As the Federal Reserve continues to hike interest rates to combat inflation, some businesses are sitting on the sidelines, amid growing concerns about recession, while others are finding opportunity.
On July 27, the Federal Open Market Committee (FOMC) raised the Federal Funds rate—the overnight interest rate that banks charge each other to borrow money—by 75 basis points (three-quarters of a percent) to a target range of 2.25% to 2.5%. It is the fourth rate hike this year, with three more hikes expected before year-end.
Rate hikes increase the cost of borrowing, which means that businesses will pay more interest on the debt they owe, likely reducing their net income, explained Bank of Texas CEO Norm Bagwell.
The rate hikes come as no surprise, as the Fed's Open Market Committee has openly communicated their plans. As Bagwell said, "Businesses have known for some time that rates would rise significantly in 2022." But the speed of the increases has some business owners and economists concerned that tightening monetary policy too fast could lead to a recession.
"Fifty basis points is already a big number, 75 is huge, 100 is almost unheard of," said BOK Financial® Chief Investment Officer Brian Henderson, referring to the fact that, leading up to the most recent FOMC meeting, some analysts pondered whether the Fed would hike the Federal Funds rate by a full percentage point.
Catching up with inflation
The Fed calculates its rates incrementally, based on three main factors: the current state of monetary policy, what the market expects the FOMC will do and economic indicators such as month-over-month inflation and long-term inflation expectations.
"With current year-over-year inflation data running at 40-year highs against a 2% longer-term target, and the Federal Funds rate having started at basically zero, the Fed has had to move in larger increments in the beginning to get the Federal Funds target to neutral—around 2.25 to 2.5%—as soon as possible," Henderson explained.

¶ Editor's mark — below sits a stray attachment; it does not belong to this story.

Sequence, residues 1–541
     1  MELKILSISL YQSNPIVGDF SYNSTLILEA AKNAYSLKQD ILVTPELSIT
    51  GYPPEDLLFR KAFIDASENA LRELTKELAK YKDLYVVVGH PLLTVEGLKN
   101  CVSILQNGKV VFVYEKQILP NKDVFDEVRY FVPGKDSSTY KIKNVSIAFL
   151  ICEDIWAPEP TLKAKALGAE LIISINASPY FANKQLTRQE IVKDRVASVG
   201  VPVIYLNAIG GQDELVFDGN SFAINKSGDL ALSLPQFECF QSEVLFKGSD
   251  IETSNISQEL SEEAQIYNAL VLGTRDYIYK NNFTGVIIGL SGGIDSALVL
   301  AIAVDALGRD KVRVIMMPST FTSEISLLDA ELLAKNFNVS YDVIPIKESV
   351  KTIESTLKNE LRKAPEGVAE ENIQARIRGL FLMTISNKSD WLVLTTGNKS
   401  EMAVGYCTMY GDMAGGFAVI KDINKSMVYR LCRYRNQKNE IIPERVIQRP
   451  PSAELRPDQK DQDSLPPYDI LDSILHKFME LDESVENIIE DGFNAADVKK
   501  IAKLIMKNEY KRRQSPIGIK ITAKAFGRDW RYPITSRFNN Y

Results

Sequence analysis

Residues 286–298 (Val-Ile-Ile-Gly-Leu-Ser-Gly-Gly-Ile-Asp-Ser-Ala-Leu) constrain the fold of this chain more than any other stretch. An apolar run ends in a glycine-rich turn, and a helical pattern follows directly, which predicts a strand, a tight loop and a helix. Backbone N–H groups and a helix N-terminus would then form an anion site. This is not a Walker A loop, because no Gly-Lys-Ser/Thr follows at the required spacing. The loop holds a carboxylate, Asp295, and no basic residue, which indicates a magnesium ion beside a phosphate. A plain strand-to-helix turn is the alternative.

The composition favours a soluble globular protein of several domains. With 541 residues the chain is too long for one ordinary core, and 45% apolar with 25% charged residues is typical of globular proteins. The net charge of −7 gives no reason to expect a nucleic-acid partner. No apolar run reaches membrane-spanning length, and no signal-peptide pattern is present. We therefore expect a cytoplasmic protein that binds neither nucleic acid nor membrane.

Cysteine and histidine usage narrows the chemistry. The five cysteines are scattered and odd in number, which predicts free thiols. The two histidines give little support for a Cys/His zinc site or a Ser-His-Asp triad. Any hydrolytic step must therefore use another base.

Some businesses anticipating higher interest rates and persistently high inflation have prepared accordingly, and some are even benefitting from the higher rate environment, experts said.
"We have seen clients make moves to battle the inflation side of the equation—moving debt to fixed rates, interest rate hedging, investing free deposits and paying down debt," Bagwell said. "Conversely, we have seen many clients purchase facilities or finance owner-occupied real estate, giving them the ability to control their rent and facility costs and benefit from real estate as an inflation hedge."
"There have always been businesses that excel during tough times," agreed Bruce Guest, regional commercial banking manager for BOK Financial, covering Arizona, Colorado and Oklahoma. Businesses that have limited borrowing needs—for instance, those that can pay cash for equipment—will be less impacted by the rising rate environment and it may even offer an opportunity for them, he said.
"If they can hold their costs in line because they're not paying additional costs tomorrow and hold their prices longer, they potentially can take market share away from competition that has to use financing to grow their business," Guest explained.
Recession fears linger
Meanwhile, some businesses are sitting on the sidelines amid questions of whether a recession is on the horizon and, if there is one, how long it would last, Guest said. In fact, one recent study found that 93% of small business owners are worried that the U.S. will enter a recession in the next six months.
One thing is certain, Henderson said. As the Fed continues to raise rates, the economy will slow. "It's going to be slowing down all year long and, whether we're in a recession or not, it's going to be very slow and close to feeling like a recession, especially if the Federal Reserve is actually able to hike rates as much as what it's guiding to."
But in the end, if the rate hikes do what's intended, prices will come down. In Bagwell's words: "The number one goal for everyone—consumers, business and government—is to tame inflation. If rate hikes are the path to accomplish that, I think everyone understands the importance and potential pain that may come along the way."